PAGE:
Ansible is an Infrastructure as Code tool that allows you to use a single control node to monitor and manage remote servers.
Ansible lets you manage remote servers by creating playbooks, which contain lists of tasks for the remote servers to perform. It also provides a check mode in which you can test a playbook.
This tutorial shows you how to do a dry run of an Ansible playbook by using the built-in check mode feature.
- A Linux system (we are using Ubuntu 20.04)
- Access to the command line / terminal window
- Ansible installed and configured (see our guides on Installing Ansible on Windows or Installing Ansible on Ubuntu)
When to Use Ansible Dry Run
Using Ansible’s dry run feature enables users to execute a playbook without making changes to the servers. It uses the built-in check mode to proof a playbook for errors before execution.
This option is very useful when executing complex playbooks that contain commands which make major changes to servers. Using the dry run feature helps find fatal errors before they shut down servers and make them unusable.
Note: There are several ways to create files and directories on remote severs using Ansible.
Ansible Dry Run – Executing Playbooks in Check Mode
The easiest way to do a dry run in Ansible is to use the
check mode. This mode works like the
--syntax-check command, but on a playbook level.
--check flag with the
ansible-playbook command to do a dry run of an Ansible playbook:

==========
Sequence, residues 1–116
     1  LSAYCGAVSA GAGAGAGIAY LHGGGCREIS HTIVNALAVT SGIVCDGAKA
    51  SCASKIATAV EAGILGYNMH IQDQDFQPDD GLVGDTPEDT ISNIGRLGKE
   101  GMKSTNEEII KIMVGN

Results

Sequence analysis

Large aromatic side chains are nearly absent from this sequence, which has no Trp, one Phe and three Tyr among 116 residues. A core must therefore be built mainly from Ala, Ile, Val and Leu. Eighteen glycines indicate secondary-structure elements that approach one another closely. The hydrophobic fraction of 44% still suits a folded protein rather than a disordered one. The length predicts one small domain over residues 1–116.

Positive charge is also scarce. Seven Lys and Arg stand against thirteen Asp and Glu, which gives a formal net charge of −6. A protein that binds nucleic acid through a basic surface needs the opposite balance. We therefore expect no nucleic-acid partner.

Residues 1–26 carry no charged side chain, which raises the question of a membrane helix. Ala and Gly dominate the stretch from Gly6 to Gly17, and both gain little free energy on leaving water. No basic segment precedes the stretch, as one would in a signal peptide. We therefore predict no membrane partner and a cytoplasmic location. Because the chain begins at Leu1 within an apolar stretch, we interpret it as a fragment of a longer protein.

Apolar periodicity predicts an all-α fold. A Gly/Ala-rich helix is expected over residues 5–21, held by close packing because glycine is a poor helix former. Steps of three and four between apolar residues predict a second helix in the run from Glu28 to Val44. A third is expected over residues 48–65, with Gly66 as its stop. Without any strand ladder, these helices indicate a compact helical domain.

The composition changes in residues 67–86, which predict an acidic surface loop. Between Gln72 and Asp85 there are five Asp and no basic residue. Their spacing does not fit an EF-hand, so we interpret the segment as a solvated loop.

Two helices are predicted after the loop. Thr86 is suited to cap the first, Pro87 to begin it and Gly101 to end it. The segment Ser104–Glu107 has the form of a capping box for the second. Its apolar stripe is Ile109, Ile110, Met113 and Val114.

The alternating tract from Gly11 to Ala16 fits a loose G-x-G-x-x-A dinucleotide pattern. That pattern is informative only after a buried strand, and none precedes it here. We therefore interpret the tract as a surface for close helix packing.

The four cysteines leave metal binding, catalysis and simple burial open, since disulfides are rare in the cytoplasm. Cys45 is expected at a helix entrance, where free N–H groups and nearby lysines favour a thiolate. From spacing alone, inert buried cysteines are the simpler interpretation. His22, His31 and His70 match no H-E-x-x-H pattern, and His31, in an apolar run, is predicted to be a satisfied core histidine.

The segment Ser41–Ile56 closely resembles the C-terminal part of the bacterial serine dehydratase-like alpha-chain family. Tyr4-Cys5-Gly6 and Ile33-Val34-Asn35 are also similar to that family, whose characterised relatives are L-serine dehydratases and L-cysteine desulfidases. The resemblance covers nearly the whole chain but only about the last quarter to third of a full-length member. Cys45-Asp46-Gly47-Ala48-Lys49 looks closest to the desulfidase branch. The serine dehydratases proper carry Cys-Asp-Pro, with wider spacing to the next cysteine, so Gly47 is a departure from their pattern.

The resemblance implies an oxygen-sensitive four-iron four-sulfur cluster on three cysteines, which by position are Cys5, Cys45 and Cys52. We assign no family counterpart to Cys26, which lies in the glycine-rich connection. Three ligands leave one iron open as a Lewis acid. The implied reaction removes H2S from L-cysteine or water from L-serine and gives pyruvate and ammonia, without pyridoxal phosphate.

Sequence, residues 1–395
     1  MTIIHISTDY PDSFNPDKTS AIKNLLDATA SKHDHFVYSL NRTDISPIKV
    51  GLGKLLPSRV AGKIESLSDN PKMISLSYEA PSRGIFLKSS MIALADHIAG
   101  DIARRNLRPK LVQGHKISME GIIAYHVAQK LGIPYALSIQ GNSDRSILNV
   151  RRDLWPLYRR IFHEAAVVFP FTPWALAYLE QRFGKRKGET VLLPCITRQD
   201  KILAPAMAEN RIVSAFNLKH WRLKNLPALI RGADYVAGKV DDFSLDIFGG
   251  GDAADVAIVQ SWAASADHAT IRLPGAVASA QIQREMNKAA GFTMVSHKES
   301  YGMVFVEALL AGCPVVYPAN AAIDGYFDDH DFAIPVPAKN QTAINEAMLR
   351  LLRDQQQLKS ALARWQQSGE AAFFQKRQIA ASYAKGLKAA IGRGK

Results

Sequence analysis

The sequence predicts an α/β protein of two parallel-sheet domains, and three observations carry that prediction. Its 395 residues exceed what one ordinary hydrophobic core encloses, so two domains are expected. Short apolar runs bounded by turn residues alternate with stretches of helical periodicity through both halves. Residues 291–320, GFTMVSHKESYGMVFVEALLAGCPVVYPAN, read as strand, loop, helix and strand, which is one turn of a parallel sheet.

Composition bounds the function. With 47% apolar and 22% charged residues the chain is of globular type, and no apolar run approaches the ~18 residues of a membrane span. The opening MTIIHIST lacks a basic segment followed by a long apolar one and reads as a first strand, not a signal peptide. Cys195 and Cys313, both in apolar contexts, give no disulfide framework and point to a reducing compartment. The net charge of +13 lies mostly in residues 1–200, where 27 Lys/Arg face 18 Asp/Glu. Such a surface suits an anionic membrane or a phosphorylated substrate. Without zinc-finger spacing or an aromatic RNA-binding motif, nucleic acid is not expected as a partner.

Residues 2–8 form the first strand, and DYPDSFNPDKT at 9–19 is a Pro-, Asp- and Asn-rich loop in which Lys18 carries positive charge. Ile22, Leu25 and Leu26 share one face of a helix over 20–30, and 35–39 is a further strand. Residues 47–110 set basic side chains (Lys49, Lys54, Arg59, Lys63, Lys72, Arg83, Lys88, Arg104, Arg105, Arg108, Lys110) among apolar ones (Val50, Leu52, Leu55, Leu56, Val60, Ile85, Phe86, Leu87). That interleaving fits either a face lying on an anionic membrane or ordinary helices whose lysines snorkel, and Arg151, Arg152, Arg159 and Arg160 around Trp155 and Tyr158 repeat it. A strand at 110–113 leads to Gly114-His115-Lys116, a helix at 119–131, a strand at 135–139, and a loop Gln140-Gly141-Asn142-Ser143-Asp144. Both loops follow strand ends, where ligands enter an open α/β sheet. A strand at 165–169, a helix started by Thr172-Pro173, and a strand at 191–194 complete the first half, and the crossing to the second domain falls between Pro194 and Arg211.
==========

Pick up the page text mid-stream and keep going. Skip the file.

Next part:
ansible-playbook playbook.yaml --check
This produces the same output as actually running the playbook, except it will report on changes it would have made rather than making them.
Another way to run a playbook in check mode is to add the
check_mode parameter to the playbook content:
- hosts: all
- name: A command to run in check mode
--diff flag with the
ansible-playbook command reports what changes were made while executing the playbook:
ansible-playbook playbook.yaml --diff
--diff flag produces a lengthy output, so it’s best used when checking for changes on a single host.
Combining Check and Diff
--diff flags with the
ansible-playbook command gives you a more detailed overview of all the changes made by your playbook:
ansible-playbook playbook.yaml --check --diff
This produces the same detailed output you get when using the
--diff flag, but without actually executing any of the changes.
When Not to Use Ansible Dry Run
Using the dry run feature is useful for node-by-node basic configuration management.
However, if your playbook contains conditional or result-based tasks, it won’t work in check mode. This is because the conditions for those tasks can’t be satisfied without actually executing the playbook and making changes.
After following this tutorial, you should know how to use the
--diff flags to perform a dry run of an Ansible playbook.
You should also be able to recognize when and when not to perform dry runs.